The construction crane had to be erected under realistic work site conditions from a single location with the smallest amount of effort possible and as quickly as possible.

Since the Wolff prototype had a height of 44.1 metres, the Tadano model had to reach a hook height of at least 54 metres to get the job done.

City skyscrapers

Two Potain MR 295 luffing jib cranes are leading the construction of a major new building in Marseille, France, designed to transform the city’s skyline and help regenerate the waterfront area.

Work began on the 85 metre high Mirabeau Tower in July 2020. It will be one of the city’s tallest skyscrapers.

The first Potain MR 295 crane was erected on a Y800 chassis at a free-standing height of 55.8 metres. It will climb every month until it reaches its final working height of 85 metres, with three anchor points securing it to the building.

Two Potain MR 295 luffing jib cranes helping to construct one of Marseille’s tallest buildings In France, two Potain MR 295 luffing jib cranes helping to construct one of Marseille’s tallest buildings. Photo: Potain

The second MR 295 was erected on a ZY854 chassis, which is mounted ona 15 metre concrete portal to give an initial free-standing height of 31 metres.

This crane will also climb throughout construction, eventually reaching 79.5 metres with four anchor points securing it to the building.

The cranes’ configuration includes AK801 anchor frames, which are being used for the first time in France on this project.

These latest generation connectors boost performance by increasing the free-standing height of the crane and minimising the number of anchor points that are required.

Speaking on the choice of crane, lead contractor Léon Grosse says, “This model has already proven itself on many construction sites. It has a strong load curve and is adapted to the team’s needs on this specific site.”

The project is due for completion at the end of 2023.

Tower crane technology

Automation and power quality specialist CP Automation has launched a dedicated crane and power transmission department. Headed by business development manager Andy Swann, the department’s team can meet the needs of a unique and varied crane market by supporting with projects such as overhauls and upgrades.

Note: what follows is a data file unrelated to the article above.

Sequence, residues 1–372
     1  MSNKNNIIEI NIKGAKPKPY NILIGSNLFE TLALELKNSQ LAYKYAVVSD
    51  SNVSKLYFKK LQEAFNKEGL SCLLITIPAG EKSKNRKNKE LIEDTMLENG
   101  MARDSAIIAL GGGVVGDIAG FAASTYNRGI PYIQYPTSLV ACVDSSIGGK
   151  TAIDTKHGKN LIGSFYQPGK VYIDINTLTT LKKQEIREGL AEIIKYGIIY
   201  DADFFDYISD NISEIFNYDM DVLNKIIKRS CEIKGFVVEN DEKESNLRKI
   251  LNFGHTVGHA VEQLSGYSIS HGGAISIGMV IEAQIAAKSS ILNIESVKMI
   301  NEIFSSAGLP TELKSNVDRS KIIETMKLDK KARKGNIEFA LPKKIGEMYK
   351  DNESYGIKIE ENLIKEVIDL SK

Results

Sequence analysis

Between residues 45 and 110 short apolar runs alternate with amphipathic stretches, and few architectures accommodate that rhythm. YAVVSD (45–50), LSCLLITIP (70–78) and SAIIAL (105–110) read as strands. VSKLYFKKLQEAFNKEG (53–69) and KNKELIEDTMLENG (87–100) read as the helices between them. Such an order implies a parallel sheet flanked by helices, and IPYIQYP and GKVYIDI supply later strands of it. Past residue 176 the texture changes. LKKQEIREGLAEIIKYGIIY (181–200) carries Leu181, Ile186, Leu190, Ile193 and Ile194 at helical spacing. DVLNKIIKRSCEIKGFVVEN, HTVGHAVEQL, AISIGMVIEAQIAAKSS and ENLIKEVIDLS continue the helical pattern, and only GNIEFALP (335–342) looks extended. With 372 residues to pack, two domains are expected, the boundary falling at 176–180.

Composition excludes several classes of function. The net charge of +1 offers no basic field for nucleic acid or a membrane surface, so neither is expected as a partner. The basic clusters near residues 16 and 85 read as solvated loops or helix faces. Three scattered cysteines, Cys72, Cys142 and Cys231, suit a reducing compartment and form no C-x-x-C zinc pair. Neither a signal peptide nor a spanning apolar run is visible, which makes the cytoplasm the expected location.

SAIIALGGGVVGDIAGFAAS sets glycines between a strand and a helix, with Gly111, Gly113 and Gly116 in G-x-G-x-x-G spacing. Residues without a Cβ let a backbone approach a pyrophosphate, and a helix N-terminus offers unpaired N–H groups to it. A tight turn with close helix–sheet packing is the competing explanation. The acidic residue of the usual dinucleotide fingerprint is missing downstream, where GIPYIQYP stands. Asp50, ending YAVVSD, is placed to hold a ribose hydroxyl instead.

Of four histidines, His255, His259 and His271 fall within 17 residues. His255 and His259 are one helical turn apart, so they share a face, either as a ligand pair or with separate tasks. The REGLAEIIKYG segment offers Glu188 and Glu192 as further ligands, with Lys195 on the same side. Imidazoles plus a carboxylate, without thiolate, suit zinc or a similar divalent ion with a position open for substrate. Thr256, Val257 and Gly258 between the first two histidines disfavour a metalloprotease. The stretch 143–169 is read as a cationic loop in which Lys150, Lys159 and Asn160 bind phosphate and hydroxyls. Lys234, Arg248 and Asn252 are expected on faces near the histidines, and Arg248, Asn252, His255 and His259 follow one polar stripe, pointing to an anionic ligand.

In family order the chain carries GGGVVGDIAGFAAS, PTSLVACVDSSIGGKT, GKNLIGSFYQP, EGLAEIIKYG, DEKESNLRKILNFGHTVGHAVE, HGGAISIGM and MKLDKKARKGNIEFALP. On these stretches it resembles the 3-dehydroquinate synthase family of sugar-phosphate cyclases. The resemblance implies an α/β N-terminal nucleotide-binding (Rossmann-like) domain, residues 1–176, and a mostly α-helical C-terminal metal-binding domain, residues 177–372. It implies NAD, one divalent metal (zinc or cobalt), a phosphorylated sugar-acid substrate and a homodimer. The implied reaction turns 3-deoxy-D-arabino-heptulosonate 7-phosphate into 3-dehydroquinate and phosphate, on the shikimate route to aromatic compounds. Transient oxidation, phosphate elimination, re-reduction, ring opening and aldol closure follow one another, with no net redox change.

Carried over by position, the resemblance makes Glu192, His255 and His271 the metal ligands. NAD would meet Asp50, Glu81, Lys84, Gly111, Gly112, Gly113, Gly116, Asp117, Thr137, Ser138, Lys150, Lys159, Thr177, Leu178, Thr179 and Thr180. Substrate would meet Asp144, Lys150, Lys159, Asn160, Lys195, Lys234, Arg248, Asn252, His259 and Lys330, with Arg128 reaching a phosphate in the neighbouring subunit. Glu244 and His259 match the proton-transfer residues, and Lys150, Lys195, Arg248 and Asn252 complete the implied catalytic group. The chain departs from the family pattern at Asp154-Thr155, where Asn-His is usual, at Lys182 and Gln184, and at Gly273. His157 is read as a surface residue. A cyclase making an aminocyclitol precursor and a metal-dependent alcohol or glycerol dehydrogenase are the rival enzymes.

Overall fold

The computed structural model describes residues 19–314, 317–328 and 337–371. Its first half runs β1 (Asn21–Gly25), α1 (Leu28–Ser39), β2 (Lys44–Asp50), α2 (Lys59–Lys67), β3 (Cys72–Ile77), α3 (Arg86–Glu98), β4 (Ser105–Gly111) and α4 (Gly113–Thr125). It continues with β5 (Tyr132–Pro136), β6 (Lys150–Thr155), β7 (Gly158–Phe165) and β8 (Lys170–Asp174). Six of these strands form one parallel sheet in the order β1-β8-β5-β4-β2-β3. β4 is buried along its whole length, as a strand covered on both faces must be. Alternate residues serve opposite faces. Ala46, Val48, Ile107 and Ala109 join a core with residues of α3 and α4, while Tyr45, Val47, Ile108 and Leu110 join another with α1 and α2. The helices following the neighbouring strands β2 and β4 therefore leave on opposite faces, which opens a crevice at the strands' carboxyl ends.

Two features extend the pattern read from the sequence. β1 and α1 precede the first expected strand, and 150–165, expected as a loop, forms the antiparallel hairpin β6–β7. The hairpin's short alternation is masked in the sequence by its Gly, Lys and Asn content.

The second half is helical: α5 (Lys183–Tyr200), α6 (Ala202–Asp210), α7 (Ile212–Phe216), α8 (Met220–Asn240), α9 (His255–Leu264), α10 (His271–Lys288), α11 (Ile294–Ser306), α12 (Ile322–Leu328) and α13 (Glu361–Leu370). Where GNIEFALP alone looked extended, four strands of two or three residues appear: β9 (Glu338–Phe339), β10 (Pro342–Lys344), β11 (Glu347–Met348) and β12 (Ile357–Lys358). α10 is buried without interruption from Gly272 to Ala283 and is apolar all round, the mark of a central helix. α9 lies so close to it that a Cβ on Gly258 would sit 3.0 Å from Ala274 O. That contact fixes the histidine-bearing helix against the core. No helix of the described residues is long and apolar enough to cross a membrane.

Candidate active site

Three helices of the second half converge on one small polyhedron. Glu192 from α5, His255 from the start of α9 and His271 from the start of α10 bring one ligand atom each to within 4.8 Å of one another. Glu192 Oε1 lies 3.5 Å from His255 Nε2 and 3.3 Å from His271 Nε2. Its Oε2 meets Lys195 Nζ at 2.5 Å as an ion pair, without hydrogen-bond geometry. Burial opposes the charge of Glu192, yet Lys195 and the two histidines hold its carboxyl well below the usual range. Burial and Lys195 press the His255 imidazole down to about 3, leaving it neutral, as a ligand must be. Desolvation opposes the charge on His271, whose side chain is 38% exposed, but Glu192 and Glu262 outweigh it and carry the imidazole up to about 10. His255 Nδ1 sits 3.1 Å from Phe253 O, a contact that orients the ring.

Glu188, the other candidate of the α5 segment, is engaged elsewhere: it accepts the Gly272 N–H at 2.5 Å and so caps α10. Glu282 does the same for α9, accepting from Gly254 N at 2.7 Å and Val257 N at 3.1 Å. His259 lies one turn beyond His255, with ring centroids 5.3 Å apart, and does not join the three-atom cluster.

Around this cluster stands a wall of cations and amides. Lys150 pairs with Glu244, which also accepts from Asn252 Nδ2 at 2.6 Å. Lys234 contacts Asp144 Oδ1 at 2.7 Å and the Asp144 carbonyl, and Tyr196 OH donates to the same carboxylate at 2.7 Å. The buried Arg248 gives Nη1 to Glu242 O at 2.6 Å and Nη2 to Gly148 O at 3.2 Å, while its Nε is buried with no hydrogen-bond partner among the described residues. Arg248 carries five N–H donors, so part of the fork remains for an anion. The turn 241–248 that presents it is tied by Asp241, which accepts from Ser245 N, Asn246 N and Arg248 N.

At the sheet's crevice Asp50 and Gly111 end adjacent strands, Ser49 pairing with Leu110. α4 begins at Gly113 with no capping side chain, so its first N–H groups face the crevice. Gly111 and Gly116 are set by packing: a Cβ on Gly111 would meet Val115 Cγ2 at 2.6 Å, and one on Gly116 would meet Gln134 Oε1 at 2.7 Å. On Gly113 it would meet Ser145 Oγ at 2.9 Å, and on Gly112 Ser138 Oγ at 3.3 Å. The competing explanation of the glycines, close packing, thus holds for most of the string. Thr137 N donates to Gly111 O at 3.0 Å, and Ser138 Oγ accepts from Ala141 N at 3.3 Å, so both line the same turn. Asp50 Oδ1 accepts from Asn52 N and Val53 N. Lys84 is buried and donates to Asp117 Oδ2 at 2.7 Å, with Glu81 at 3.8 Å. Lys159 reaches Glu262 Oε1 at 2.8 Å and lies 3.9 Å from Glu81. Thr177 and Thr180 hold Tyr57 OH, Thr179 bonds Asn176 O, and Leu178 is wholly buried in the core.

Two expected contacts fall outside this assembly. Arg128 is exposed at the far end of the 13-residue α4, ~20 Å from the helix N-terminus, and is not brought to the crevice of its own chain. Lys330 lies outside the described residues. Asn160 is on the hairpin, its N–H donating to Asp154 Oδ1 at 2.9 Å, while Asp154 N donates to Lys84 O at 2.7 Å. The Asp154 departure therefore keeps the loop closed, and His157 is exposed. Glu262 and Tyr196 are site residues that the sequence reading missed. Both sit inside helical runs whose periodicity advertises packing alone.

Zoomlion W1000-50 flat top tower cranes are being used for precast construction in Singapore In Singapore, new Zoomlion W1000-50 flat top tower cranes are being used for precast construction. This model is perfectly transport and rigging optimised, says ICST special contributor Heinz-Gert Kessel. Photo: Zoomlion

Although its business is predominantly focused on applications in drives, automation and power quality, CP Automation offers a limited range of products for crane and power transmission projects.

These include radio remote controls, variable speed drives (VSDs) and collision avoidance systems.

Following last year’s acquisition of Magnetek’s UK elevator business, CP Automation has launched a dedicated support service for crane applications.

Both existing and potential customers can now receive onsite support and solutions based on application needs.

Since launching the team, CP Automation has already worked with Tata Steel, Liberty Steel and Michelin.

Constructing stadiums

UK-based Ainscough Crane Hire’s heavy cranes team supported main contractor Select Plant Hire in the installation of four tower cranes at Bramley-Moore Dock, Liverpool, as the steel installation work at Everton Football Club’s new stadium continues to gather pace.

The tower cranes were transported to the site in sections. The first unit of the four tower cranes required for construction is now fully operational in the north east corner of the waterfront site.

The remaining three tower cranes have been installed on specially built bases in the north west, south west and south east corners of the site. The cranes’ first job will be to help pull together all of the structural steel that will form the shell of the new 52,000 capacity stadium.

Four tower cranes assembled by Ainscough to construct Everton Football Club’s new stadium in the UK Four tower cranes assembled by Ainscough to construct Everton Football Club’s new stadium in the UK. Photo: Ainscough

The tower cranes were assembled using a 450 tonne capacity Liebherr wheeled mobile telescopic crane.

Bob Beardmore, heavy cranes technical manager at Ainscough, says, “It was an absolute joy to support building what will be Everton’s fantastic new stadium. I’m really proud to be part of this project.”

Everton’s new stadium at Bramley-Moore Dock is recognised as the largest single-site private sector development in the country, contributing an estimated £1.3 billion to the UK economy, creating thousands of jobs, and is expected to attract 1.4 million visitors to the Liverpool City region annually.

The scheme will have acted as a catalyst for more than £650 million-worth of accelerated regeneration as Everton’s new stadium, alongside a legacy project at re-imagined Goodison Park, transforms North Liverpool.